The Indianapolis 500 was postponed Thursday and won't run on Memorial Day weekend for the first time since 1945. The race will instead be held Aug. 23, three months later than its May 24 scheduled date, the AP reports. "The month of May at the Indianapolis Motor Speedway is my favorite time of year, and like our fans, I am disappointed that we have had to reschedule the Indianapolis 500," said Roger Penske, the motorsports titan who finalized his purchase of IndyCar and Indianapolis Motor Speedway earlier this year. "However, the health and safety of our event participants and spectators is our top priority," he said. The Indianapolis 500 began in 1911 but did not run in 1917, 1918, and from 1941-45 because of World Wars I and II.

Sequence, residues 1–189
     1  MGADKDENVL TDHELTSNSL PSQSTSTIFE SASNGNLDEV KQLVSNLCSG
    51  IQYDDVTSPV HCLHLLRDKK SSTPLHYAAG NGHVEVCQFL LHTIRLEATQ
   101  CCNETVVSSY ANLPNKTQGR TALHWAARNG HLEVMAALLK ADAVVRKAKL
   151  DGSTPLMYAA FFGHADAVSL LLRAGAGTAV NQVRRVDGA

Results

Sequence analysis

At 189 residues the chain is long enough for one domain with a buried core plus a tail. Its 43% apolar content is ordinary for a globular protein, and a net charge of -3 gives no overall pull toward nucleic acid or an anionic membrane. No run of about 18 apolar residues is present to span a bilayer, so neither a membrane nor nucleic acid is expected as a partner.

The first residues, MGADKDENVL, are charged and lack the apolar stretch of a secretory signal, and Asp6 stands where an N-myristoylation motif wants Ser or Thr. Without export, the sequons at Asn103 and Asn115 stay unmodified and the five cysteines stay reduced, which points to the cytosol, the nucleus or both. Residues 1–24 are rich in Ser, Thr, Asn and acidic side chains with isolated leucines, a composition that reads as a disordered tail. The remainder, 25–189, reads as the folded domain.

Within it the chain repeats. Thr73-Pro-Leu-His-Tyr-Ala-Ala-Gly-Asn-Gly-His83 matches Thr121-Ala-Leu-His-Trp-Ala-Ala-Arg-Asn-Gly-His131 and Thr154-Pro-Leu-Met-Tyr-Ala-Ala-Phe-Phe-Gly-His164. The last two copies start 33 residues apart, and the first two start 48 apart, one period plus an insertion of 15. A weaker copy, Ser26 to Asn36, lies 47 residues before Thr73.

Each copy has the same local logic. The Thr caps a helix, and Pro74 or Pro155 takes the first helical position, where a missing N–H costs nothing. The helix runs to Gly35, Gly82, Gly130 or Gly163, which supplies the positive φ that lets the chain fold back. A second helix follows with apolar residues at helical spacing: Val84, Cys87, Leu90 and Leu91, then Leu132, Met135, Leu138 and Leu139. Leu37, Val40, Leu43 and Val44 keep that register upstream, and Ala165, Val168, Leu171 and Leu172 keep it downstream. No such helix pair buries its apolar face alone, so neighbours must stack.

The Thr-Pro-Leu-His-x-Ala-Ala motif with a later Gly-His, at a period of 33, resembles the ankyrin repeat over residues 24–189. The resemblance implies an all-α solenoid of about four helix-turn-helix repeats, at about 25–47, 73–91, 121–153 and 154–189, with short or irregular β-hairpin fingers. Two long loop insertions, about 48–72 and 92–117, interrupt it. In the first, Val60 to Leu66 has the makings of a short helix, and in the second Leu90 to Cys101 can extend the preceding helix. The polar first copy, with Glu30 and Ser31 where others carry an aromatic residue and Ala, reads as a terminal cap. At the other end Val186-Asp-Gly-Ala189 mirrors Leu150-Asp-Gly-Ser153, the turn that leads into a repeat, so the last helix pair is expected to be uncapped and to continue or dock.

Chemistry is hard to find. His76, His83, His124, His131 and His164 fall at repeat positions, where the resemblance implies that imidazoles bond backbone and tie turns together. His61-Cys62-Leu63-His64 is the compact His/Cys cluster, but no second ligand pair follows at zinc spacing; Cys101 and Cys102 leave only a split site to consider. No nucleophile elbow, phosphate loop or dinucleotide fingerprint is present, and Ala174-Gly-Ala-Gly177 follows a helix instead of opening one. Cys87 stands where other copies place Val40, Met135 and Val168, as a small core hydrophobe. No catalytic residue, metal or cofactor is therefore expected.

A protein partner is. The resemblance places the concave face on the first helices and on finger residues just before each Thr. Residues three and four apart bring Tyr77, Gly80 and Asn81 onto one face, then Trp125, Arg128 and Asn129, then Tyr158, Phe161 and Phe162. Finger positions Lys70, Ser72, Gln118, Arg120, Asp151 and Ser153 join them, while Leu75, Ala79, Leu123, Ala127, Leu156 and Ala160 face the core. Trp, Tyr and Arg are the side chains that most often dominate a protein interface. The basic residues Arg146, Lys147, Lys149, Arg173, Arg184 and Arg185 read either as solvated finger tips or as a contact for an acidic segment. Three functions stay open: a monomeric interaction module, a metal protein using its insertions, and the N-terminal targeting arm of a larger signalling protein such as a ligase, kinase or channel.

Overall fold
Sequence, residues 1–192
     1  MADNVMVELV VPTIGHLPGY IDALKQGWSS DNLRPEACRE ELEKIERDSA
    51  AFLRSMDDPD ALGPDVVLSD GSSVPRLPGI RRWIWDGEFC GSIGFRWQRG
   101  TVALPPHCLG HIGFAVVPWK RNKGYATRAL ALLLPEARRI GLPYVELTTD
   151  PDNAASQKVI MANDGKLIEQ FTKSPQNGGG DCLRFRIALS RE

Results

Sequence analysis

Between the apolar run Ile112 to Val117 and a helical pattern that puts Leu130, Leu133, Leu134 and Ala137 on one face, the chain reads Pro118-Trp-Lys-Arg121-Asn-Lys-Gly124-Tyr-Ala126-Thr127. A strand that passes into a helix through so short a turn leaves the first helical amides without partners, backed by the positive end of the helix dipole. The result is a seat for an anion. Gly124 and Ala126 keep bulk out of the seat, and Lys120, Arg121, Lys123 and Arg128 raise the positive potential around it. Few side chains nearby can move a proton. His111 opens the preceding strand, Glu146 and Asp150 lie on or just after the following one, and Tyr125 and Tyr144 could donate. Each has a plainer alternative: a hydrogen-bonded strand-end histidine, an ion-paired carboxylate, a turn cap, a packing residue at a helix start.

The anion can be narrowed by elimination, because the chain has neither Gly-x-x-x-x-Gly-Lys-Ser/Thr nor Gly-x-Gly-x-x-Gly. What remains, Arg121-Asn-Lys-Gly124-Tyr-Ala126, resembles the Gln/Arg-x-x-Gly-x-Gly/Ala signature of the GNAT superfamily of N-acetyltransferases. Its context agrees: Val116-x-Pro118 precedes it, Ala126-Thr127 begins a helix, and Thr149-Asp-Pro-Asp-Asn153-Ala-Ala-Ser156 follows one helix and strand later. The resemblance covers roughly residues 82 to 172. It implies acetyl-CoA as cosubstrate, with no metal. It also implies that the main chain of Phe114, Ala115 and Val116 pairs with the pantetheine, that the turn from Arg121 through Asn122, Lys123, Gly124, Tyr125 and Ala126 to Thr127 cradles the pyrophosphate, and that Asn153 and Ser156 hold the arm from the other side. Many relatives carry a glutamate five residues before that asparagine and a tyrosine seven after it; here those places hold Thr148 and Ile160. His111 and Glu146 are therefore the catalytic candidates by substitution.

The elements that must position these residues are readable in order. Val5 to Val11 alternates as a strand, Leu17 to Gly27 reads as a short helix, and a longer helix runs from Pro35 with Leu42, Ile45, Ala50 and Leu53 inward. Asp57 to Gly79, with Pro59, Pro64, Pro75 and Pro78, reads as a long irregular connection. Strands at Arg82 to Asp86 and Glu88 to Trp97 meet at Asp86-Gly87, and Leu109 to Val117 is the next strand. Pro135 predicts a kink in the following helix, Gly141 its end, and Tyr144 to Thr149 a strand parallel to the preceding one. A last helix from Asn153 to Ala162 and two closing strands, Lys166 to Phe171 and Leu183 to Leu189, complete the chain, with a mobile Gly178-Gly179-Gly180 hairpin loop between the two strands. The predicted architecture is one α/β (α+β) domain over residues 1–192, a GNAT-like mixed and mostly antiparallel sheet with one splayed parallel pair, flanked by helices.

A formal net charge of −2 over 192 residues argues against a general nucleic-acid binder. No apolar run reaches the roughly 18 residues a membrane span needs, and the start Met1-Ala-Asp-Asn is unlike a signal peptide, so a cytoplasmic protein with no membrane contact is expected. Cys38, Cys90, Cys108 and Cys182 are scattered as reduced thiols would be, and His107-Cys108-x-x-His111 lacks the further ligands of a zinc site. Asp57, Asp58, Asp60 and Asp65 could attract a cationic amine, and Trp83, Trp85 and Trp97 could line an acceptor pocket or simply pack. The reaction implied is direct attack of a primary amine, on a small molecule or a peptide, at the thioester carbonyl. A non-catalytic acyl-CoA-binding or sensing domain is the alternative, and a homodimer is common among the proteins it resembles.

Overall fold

Tony Hulman bought the neglected speedway after the second war and the Indy 500 returned on Memorial Day weekend in 1946 and has been scheduled for that weekend every year since. Although inclement weather has occasionally disrupted the prestigious race, it had never been outright rescheduled until now. Penske Entertainment Corp. President and CEO Mark Miles said the series chose the August date to get away from extended delays caused by the coronavirus shutdown. The Indy 500 honors the military before the race, and Miles said the August date offers "a unique and powerful opportunity to honor the contributions and heroism of the doctors, nurses, first responders, and National Guard members serving on the front lines of the fight against COVID-19."
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